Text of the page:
As the plain language of these statutes indicates, the right of removal is vested exclusively in a defendant. See Shamrock Oil & Gas Corp. v. Sheets, 313 U.S. 100, 104-109 (1941) (concluding that Congress intended to limit removal under section 71 of the Judicial Code (now 28 U.S.C. § 1441) to defendants only and that a suit in which a counterclaim is filed is not removable by a plaintiff); Palisades Collections LLC v. Shorts, 552 F.3d 327, 333 (4th Cir. 2008) ("In crafting § 1441(a), however, Congress made the choice to refer only to the defendant or the defendants, ' a choice we must respect."); Yonkers Racing Corp. v. City of Yonkers, 858 F.2d 855, 863 (2d Cir. 1988) ("Quite simply, a party who is in the position of a plaintiff cannot remove"); In re Walker, 375 F.2d 678, 678 (9th Cir. 1967) (per curiam) ("No right exists in favor of a person who, as plaintiff, has filed an action in the state court, to cause the removal of such action to a federal court."); Geiger v. Arctco Enterprises, Inc., 910 F.Supp. 130, 131 (S.D.N.Y. 1996) ("It is clear beyond peradventure of a doubt that the right of removal is vested exclusively in defendants. A plaintiff simply may not remove an action from a state court pursuant to 28 U.S.C. §§ 1441(a) and 1446(a)....").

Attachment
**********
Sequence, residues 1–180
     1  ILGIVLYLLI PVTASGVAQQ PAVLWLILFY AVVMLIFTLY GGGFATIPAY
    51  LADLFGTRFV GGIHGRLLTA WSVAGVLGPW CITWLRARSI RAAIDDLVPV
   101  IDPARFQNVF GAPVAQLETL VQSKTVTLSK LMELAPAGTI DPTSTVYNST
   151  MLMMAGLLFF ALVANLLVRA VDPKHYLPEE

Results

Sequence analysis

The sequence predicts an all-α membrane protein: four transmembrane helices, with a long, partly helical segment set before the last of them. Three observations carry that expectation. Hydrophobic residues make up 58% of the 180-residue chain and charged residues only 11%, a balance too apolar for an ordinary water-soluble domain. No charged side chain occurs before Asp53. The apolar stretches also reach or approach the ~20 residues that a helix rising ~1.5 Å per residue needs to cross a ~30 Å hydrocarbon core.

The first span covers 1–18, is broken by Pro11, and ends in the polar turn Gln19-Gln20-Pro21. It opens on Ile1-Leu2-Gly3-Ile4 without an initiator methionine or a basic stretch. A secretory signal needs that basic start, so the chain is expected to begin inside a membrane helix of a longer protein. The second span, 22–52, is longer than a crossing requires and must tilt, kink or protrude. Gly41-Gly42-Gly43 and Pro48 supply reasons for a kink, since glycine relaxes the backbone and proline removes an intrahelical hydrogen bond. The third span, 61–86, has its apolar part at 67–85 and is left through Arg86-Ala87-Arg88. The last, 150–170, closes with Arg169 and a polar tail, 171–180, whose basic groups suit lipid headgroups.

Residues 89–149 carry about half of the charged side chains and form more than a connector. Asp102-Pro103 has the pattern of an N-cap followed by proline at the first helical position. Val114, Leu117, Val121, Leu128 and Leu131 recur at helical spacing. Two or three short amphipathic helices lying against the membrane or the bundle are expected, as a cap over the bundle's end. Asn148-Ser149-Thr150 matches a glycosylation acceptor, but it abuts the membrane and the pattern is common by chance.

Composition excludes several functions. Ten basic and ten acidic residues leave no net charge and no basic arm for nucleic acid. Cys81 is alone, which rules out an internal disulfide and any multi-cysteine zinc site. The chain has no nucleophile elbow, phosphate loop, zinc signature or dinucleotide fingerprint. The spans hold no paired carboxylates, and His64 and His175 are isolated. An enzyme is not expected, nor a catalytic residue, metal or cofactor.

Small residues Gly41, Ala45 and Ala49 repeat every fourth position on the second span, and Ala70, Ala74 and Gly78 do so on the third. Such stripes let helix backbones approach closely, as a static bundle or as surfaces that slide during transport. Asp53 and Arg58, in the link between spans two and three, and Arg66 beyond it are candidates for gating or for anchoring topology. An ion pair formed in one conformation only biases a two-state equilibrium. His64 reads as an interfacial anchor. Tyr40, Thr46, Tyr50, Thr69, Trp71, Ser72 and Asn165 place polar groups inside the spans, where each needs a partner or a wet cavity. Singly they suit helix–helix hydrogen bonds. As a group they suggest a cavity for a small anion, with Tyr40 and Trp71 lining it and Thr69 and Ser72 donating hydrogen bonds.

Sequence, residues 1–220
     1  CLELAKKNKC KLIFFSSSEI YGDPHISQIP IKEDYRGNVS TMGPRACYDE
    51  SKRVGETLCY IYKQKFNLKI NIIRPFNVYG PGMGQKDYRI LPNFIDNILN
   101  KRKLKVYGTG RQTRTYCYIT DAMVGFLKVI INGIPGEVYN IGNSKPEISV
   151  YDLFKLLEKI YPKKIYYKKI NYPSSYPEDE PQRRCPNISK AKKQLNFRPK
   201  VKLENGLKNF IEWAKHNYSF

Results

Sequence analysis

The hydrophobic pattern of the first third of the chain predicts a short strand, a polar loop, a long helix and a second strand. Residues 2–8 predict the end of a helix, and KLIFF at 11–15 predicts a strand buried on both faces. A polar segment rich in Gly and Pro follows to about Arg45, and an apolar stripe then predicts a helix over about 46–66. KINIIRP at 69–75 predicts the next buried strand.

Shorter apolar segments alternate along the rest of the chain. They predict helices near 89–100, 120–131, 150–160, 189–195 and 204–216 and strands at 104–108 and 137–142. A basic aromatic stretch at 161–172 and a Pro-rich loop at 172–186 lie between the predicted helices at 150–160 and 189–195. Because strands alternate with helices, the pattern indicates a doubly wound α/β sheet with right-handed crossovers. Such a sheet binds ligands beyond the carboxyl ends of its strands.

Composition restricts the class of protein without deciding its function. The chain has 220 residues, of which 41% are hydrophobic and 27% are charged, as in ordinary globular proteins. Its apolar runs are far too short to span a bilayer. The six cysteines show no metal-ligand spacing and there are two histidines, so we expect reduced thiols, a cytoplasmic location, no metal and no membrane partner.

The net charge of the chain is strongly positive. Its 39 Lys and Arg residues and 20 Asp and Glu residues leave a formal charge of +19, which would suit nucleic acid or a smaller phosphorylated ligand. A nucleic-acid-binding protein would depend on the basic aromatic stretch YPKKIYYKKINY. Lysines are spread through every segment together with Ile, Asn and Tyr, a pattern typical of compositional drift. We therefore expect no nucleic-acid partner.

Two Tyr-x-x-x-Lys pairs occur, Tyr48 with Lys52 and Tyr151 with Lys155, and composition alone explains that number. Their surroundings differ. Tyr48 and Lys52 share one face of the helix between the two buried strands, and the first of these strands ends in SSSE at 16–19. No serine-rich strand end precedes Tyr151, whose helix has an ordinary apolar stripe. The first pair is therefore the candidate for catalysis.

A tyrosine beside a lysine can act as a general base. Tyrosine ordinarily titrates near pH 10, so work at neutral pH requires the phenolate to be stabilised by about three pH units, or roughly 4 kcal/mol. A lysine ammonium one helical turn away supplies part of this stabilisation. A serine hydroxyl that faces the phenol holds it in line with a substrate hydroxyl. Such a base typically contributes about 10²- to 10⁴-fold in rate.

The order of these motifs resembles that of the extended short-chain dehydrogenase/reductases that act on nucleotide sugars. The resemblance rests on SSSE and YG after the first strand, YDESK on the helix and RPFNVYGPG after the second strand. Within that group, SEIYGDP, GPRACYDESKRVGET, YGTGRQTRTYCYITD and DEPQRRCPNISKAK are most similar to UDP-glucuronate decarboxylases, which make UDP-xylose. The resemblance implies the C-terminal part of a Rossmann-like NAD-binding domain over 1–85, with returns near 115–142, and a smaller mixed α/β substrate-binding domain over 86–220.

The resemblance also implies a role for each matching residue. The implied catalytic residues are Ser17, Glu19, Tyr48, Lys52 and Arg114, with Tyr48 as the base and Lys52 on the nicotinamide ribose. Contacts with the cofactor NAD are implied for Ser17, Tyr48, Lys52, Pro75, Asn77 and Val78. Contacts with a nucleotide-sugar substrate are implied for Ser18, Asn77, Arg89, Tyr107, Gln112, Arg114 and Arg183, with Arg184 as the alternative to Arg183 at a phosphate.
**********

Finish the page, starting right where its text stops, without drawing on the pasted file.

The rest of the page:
"The Supreme Court has referred to this restriction as jurisdictional." Moses v. Ski Shawnee, Inc., A. 00-3447, 2000 WL 1053568, at *1 (E.D. Pa. July 31, 2000); seeShamrock Oil & Gas Corp., 313 U.S. at 107 (restriction to defendants of right of removal "indicat[es] the Congressional purpose to narrow the federal jurisdiction on removal"); accordConner v. Salzinger,457 F.2d 1241, 1243 (3d Cir. 1972) (holding that prisoner civil rights case originally filed in state court and removed by plaintiff himself to federal court should be dismissed "for want of jurisdiction"); In re Walker, 375 F.2d at 678. As the rule restricting the right of removal to defendants is jurisdictional, the case must be remanded pursuant ...